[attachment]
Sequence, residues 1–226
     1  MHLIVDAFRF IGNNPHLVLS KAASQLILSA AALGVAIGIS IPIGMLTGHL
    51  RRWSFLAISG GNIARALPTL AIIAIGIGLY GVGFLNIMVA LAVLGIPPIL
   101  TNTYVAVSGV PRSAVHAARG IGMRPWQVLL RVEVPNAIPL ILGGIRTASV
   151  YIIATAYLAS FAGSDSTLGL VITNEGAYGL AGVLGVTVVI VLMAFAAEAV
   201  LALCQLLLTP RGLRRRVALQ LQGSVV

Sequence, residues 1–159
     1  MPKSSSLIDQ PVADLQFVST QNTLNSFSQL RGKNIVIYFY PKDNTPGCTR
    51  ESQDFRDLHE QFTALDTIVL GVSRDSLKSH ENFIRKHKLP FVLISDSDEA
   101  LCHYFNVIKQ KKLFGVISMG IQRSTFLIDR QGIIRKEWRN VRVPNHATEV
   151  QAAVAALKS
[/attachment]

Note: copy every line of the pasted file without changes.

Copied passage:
Sequence, residues 1–226
     1  MHLIVDAFRF IGNNPHLVLS KAASQLILSA AALGVAIGIS IPIGMLTGHL
    51  RRWSFLAISG GNIARALPTL AIIAIGIGLY GVGFLNIMVA LAVLGIPPIL
   101  TNTYVAVSGV PRSAVHAARG IGMRPWQVLL RVEVPNAIPL ILGGIRTASV
   151  YIIATAYLAS FAGSDSTLGL VITNEGAYGL AGVLGVTVVI VLMAFAAEAV
   201  LALCQLLLTP RGLRRRVALQ LQGSVV

Sequence, residues 1–159
     1  MPKSSSLIDQ PVADLQFVST QNTLNSFSQL RGKNIVIYFY PKDNTPGCTR
    51  ESQDFRDLHE QFTALDTIVL GVSRDSLKSH ENFIRKHKLP FVLISDSDEA
   101  LCHYFNVIKQ KKLFGVISMG IQRSTFLIDR QGIIRKEWRN VRVPNHATEV
   151  QAAVAALKS